Delaying gratification while working toward a goal appears to have roots in a specific brain circuit. NIMH scientists have discovered a signal in a brain area involved in motivation that strengthens as a monkey performs a task for which it has been trained to expect a reward.
Munetaka Shidara, Ph.D, and Barry Richmond, M.D., NIMH Laboratory of Neuropsychology, trained monkeys to release a lever when a spot on a computer screen turned from red to green. The animals knew they had performed the task correctly when the spot turned blue. A visual cue -- a gray bar on the screen -- got brighter as they progressed through a succession of trials required to get a juice treat. Though never punished, the monkeys couldn’t graduate to the next level until they had successfully completed the current trial.
The brain signal boost occurred as the monkey worked harder and more accurately as the reward neared. Emanating from a reward-anticipating circuit in the front top center of the brain, the signal is thought to sustain the goal-driven behavior and then shuts off when the reward is assured. Signal alterations may underlie abnormal activity detected in the brain area, the anterior cingulate cortex, in disorders of motivation and reward expectation, such as obsessive compulsive disorder (OCD), propose the researchers. They report on their findings in the May 30 Science.
“If you’re working toward a distant goal, you must often keep working even if you don’t like what you are doing very much,” explained Richmond. “It makes sense that there is such a signal that varies with degree of reward expectancy that keeps you on-task performing a long sequence of behaviors. What we’re studying in a rather cartoon-like way with this task are the dynamics of this situation: the ongoing tension between the desirability of reaching the goal and the hard work needed to achieve it.”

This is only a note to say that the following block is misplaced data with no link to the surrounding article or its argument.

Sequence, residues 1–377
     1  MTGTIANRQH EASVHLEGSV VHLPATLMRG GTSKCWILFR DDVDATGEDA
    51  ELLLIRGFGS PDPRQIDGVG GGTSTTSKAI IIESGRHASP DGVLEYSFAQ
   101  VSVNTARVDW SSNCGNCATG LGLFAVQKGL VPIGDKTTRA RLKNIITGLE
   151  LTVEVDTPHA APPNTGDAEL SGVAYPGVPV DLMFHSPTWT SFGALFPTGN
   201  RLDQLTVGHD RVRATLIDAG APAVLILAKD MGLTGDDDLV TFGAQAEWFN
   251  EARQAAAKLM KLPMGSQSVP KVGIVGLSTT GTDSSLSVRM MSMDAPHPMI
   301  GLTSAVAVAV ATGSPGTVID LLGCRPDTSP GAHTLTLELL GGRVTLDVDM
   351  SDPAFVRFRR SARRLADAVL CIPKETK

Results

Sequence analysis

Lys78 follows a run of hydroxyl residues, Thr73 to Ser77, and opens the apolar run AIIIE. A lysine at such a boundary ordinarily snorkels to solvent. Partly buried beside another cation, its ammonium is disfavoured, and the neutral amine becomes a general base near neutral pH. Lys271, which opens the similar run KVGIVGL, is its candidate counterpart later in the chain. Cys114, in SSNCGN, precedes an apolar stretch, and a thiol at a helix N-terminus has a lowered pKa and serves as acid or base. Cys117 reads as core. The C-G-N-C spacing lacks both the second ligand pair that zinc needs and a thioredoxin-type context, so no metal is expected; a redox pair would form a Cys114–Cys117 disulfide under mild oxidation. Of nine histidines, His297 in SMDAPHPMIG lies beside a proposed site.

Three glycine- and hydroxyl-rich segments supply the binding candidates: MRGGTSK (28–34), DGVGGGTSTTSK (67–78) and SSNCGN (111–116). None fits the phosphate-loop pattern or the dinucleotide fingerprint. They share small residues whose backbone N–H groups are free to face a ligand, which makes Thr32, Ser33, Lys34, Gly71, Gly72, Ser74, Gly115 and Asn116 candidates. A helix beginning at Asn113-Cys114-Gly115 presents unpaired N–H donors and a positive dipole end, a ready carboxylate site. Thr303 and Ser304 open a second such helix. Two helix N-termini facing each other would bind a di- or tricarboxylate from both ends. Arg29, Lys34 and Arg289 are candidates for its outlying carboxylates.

As the monkeys approached their reward, they made progressively fewer errors, with the fewest occurring during the rewarded trial. Electrical activity of about a third of more than 100 neurons, brain cells, monitored in the anterior cingulate progressively increased with reward expectancy. The progressive activity abated only when the reward was imminent and the expectancy resolved.
The researchers saw no such progressive activity when they switched the animals to a random condition in which the cues were no longer related to the rewards. In this condition, the monkeys performed the task well regardless of cue brightness, but showed little activation of the anticipatory anterior cingulate circuitry. “There is a substantial behavioral difference between knowing for certain what will happen in each successfully completed trial (cued condition) versus knowing the overall reward rate without knowing the outcome of each trial for certain (random condition),” they note. The monkeys performed poorly when they had no expectation of reward.
Feelings of increasing anticipation experienced as we work in stages toward a predicted outcome may be traceable to the reward expectancy signal, propose Richmond and Shidara, who now works at the Neuroscience Research Institute of Japan’s National Institute of Advanced Industrial Science and Technology.
In a disturbance of motivation, such as OCD, Richmond speculates that the brain may be hijacked by runaway signals in this reward expectancy circuit. The individual performs the behavior that would normally alleviate the sense of expectancy, but the signal somehow fails to turn off. There is no feeling of completion, the tension remains unresolved, and a compulsion to keep repeating the behavior takes over. Brain imaging studies have detected abnormal activation in the anterior cingulate in patients with OCD.
The National Institute of Mental Health (NIMH) is part of the National Institutes of Health (NIH), the Federal Government's primary agency for biomedical and behavioral research. NIH is a component of the U.S. Department of Health and Human Services.
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